Jisc’s annual Digifest (#digifest16) took place in Birmingham on 2-3 March 2016. The Discovery Service presentation and demo featured on day 2 at the Shared Services Stand. You can view all slides from the programme page, but the presentation from this project’s session is available from SlideShare.


Following the presentation, which gave a brief overview and update on the current status of the project, Mark Winterbottom gave a demo of the alpha service. The session was well attended (36 people with seating for 20) and feedback was positive. I stressed that this was currently an alpha service and, as such, there was still plenty of work to do. Following the demo there has been interest from other institutions in having their data harvested by the service.

I encouraged everyone to try out the service and report back any issues through the “Feedback” link. Development work is proceeding through an iterative release cycle so the service is having new features and functionality added every 2-3 weeks. If you are interested in knowing what’s changed please check the blog for updates. Although the focus is harvesting metadata from the funded participating pilots, we are keen to involve other institutions as the project progresses. If you are interested in participating you can email via the “Feedback” link or contact me directly.

I’d like to thank Mark for driving the demo, the team members who attended and supported the session and @JiscLive for tweeting the session.

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Second Workshop – feedback and testing

The project team and representatives from all participating pilot HEIs and Data Centres convened in London for the second workshop of the UK Research Data Discovery Service on 18 February 2016. As well as taking the opportunity to meet face-to-face, rather than rely on the monthly webinars, the purpose of this workshop was to:

  • Review and test the current alpha version of the Discovery Service
  • Discuss requirements that still require clarification
  • Finalise the metadata schema
  • Discuss the scope of datasets
  • Ensure participants had the opportunity to raise issues, ideas and questions
  • Clarify the support required from participants for the remainder of the project

The workshop started with a presentation from Catherine Grout on how the Discovery Service fits in with the Research@Risk co-design theme from Jisc. One particular project that is closely related to this work is the Research Data Management Shared Service, providing interoperable systems for researchers and institutions to adhere to best practice throughout the RDM lifecycle. The metadata work in the Discovery Service is particular relevant to the Shared Service work and the production of a discipline neutral schema.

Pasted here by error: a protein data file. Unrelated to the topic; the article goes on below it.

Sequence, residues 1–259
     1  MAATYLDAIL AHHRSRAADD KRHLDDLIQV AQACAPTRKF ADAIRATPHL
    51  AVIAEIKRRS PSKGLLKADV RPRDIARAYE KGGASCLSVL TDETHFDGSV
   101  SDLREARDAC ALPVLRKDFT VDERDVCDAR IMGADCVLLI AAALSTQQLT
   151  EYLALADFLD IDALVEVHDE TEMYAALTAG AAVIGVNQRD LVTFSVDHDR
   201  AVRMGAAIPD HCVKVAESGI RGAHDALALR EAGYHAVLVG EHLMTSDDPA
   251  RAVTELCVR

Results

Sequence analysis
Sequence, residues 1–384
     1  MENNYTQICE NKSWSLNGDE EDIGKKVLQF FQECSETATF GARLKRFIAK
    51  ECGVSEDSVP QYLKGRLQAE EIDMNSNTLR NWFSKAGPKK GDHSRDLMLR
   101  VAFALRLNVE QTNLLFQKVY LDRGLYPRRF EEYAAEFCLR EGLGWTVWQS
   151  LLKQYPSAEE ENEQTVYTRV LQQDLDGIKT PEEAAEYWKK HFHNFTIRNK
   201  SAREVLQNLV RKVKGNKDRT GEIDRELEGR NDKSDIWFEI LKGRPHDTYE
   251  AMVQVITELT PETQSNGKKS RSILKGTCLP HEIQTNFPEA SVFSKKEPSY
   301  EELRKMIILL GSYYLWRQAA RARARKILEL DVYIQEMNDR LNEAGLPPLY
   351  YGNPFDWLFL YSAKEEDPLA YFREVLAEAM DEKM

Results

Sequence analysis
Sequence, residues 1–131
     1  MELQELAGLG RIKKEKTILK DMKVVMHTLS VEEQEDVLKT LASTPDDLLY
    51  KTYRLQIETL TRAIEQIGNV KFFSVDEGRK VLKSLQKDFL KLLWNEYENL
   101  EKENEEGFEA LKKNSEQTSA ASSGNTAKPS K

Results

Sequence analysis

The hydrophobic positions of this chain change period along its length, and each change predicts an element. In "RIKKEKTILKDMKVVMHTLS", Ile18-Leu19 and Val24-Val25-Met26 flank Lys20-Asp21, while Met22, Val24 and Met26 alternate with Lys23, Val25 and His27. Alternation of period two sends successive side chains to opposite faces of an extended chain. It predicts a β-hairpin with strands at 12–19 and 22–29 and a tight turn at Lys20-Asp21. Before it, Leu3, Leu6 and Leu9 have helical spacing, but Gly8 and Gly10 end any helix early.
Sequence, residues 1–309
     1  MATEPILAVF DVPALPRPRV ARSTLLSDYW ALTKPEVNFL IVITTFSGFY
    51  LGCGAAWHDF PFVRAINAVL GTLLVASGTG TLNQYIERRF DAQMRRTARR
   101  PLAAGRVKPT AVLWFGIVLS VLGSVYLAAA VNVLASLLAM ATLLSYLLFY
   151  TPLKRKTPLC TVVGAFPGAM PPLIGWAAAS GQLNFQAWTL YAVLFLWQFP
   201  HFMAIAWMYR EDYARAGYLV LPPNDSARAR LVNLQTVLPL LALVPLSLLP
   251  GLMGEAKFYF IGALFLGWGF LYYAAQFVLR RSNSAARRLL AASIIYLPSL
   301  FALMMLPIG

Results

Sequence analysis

I gave a brief update on the status of the project, what’s been done, where we are and what needs to be done. The highlights have been on gathering user stories and requirements, development of the alpha site and harvesting datasets to populate the service. The presentation described the purpose of the workshop and gave an introduction to the group exercise. The aim of this exercise was to collect valuable feedback from participants that we as a team could act on to improve the project. The starfish exercise includes people working in groups and then putting items on sticky notes under the following categories: start, stop, do more, do less, continue. These were all related to what the project should be doing, or not doing, to support the participants and build a Discovery Service. Once all the ideas were added everyone voted on the most important. There was a wide range of suggestions, but the ones with the most votes were:

  • Start – Feeding metadata from UKRDDS to data centres / repositories
  • Stop – Harvesting anything but datasets, data services, software…
  • Continue – Liaison with other initiatives looking at metadata for data e.g. DataCite; Developing a roadmap for the service separating out what is in version 1 and version 2.
  • Do Less – Discussion on browse options
  • Do More – Clarity on what the aim of the service is; Systematic user testing with researchers; Be clear about sustainability of service post project; What is the minimum useful metadata profile? Need a standard.

The exercise provided valuable feedback to the team and, although we are already working on some of the items, we will be making sure we have responded to these over the coming weeks.

To ensure as much feedback as possible was gathered there were three posters on the wall to collect Ideas, Issues and Questions throughout the day. These were reviewed at the end of the workshop to make sure we’d covered everything.